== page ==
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THREE MEN OUT (Nero Wolfe #23)

4.01 of 5 stars 4.01  ·  rating details  ·  665 ratings  ·  24 reviews
Nero Wolfe and sidekick Archie Goodwin attempt to solve three puzzling cases of murder: in one, a person's questions lead to his death; another finds a man killed in a soundproof office; and in the last, a baseball rookie is removed from the lineup through murder.
ebook, 204 pages
Published August 3rd 2011 by Crimeline (first published 1952)
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Three Nero Wolfe mysteries are better than one--that must be why Stout wrote so many novellas and published them in compilations of three. In this collection, the title is a giveaway to expect three male corpses. It's notable because in two of the novellas, Wolfe leaves his house, which he tries to avoid doing.
Sometimes in a murder mystery, the detective arrives on the scene after the body has been found, and must gather clues about the crime after the fact. Think of Agent Dale Cooper in Twin Peaks, or any episode of Law and Order. Some murder mysteries unfold with the murder happening right under the detective's nose. I like that kind better because everything that happens from the beginning could be a clue. The first novella in this series, Invitation to Murder, is structured that way and, of the th...more
Sometimes, a novella is just enough. This collection of 3 Nero Wolfe mysteries works very well. Short and sweet, solved in typical Wolfe style.
Robert J. Sullivan
Rex Stout's “Three Men Out” is a collection of three stories from the 1950's of his master detective, Nero Wolfe, and his sidekick, Archie Goodwin.

In “Invitation to Murder”, where Wolfe sends Archie to find out which of three women has her hooks in the client's uncle, and Archie tricks Wolfe into leaving his home on business.

In “The Zero Clue”, Archie goes to the office of a mathematics genius who rivals Wolfe in solving mysteries, fails to discover his body, and Wolfe reveals the killer to the...more
This is a collection of three shorter mysteries. In two of them Wolfe leaves the brownstone. I really liked Invitation to Murder and The Zero Clue which were the first two in the collection. This Won't Kill You takes place at a baseball game and had a bit too much baseball in it for me, but it was another great clue that solved the murder.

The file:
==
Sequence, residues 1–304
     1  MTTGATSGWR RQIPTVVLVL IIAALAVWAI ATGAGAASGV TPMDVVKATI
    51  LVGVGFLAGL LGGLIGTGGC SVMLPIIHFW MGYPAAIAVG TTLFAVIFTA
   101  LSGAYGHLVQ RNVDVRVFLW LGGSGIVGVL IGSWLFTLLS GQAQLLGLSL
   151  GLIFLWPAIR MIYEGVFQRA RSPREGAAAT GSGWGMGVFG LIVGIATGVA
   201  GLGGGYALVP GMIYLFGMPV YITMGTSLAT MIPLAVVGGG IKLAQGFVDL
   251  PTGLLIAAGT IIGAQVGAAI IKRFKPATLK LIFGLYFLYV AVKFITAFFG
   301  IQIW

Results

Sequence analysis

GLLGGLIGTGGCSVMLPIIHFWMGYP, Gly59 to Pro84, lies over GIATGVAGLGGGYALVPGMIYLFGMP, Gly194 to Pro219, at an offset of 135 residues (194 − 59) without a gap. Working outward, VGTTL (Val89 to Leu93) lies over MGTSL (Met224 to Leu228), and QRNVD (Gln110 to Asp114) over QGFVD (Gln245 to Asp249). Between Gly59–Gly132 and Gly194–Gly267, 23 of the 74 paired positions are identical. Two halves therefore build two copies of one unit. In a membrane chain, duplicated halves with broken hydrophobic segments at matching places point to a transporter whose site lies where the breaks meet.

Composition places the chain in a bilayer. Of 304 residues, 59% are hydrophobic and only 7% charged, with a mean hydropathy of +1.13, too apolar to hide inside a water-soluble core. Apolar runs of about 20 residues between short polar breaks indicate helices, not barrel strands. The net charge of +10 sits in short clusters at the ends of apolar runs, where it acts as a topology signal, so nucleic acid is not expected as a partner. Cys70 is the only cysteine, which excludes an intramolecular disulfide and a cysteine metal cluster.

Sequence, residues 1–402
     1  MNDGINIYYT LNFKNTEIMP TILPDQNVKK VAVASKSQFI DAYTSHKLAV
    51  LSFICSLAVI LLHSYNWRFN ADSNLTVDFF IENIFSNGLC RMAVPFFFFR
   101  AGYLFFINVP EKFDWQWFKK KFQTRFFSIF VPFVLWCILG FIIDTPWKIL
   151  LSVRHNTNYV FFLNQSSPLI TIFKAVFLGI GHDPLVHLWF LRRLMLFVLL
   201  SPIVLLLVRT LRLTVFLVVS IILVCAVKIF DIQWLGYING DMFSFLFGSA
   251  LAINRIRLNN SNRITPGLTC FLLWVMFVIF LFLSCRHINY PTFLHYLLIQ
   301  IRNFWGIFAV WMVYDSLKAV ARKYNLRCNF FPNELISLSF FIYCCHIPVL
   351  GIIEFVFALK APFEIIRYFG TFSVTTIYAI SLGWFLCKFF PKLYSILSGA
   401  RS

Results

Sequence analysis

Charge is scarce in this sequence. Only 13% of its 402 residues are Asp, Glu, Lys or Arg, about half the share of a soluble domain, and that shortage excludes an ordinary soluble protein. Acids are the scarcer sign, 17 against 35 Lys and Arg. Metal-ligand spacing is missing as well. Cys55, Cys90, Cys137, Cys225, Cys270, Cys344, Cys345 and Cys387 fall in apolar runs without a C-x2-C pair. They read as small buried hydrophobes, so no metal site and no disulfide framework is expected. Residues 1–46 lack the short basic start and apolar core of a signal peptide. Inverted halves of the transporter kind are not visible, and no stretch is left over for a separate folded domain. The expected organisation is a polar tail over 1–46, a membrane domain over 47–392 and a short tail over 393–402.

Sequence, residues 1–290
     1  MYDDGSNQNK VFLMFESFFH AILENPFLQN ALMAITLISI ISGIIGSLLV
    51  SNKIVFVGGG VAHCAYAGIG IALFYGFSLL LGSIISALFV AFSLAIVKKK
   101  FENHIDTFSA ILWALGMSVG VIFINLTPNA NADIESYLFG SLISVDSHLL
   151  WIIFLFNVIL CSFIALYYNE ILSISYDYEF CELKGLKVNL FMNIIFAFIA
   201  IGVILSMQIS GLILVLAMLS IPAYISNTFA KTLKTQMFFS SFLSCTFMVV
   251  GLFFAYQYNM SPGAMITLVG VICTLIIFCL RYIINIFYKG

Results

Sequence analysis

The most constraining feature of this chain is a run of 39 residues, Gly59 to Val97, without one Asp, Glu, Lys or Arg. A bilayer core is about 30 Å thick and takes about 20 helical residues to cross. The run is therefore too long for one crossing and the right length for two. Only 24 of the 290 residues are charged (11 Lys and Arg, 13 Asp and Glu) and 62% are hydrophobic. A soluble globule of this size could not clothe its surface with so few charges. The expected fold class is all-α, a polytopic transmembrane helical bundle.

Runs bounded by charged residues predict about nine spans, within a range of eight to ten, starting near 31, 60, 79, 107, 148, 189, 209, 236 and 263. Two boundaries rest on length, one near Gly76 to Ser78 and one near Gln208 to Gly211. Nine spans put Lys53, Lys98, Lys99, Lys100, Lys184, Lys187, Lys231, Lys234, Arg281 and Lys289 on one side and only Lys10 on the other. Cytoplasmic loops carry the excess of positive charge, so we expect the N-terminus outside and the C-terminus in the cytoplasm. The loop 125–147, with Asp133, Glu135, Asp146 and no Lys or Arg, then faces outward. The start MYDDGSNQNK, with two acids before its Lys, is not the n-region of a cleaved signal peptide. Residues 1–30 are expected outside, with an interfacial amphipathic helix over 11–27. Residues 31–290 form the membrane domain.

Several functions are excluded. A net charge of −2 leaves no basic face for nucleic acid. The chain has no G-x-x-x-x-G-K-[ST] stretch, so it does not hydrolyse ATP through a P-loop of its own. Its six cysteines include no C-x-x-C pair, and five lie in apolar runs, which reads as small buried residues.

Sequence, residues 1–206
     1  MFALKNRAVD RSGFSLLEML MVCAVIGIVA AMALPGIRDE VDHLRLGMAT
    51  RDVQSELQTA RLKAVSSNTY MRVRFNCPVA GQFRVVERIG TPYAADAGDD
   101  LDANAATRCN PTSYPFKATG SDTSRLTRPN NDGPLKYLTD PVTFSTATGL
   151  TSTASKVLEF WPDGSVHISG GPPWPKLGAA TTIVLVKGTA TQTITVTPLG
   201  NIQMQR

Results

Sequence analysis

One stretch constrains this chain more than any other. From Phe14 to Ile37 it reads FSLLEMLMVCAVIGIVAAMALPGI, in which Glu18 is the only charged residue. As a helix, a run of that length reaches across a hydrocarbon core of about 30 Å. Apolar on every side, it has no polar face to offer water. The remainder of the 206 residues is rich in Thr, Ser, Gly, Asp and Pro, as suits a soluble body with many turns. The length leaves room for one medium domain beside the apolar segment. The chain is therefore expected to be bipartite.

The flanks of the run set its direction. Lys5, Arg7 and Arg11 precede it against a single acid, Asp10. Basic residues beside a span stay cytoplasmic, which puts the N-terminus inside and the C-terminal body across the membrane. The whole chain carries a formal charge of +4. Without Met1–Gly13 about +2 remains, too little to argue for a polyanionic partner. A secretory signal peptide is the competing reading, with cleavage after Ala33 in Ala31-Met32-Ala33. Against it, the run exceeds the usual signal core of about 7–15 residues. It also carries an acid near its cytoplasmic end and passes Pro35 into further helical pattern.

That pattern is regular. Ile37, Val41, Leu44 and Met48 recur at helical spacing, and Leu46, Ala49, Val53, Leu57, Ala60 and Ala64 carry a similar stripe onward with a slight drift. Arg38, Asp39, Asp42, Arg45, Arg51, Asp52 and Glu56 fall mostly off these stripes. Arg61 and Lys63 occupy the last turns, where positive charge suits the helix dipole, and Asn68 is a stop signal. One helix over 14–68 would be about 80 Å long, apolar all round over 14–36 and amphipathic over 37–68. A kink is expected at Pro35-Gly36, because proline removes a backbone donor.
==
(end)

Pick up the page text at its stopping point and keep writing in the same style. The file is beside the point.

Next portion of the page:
David Miller
A Friday night spent with Archie Goodwin and Nero Wolfe is never wasted; I don't think Stout was capable of writing less than a 4-star book. Even so these stories are not the cream of the crop. I'd still rather read Stout at less than his best, than any other mystery writer...
Three brilliant short stories. Tightly packed with action and info-if you pay very close attention, you can figure each solution out-but most likely you'll geet caught up in all the action and let it unfold in Nero's usual way.
I've read all but a handful of the enormous number of Nero Wolfe mysteries Stout produced. I have found in general that the collections of novellas are generally less engaging than the full-length books, and this is one of the weakest of the novella series. Of the three stories in this volume, only the second one ("The Zero Clue")really engaged me. Unless you are committed to reading the entire Stout collection, this is one to skip.
Stephen Osborne
The three novellas that make up this volume are all fun reads and top notch mysteries. The first was my favorite, as Archie comes up with an ingenious method of getting Wolfe to leave the brownstone for a case. The enjoyment of the third story comes mainly from Wolfe's discomfort at having to attend a baseball game and being able to only perch on the edge of his seat. Fun tales from one of my favorite authors.
Jill Hutchinson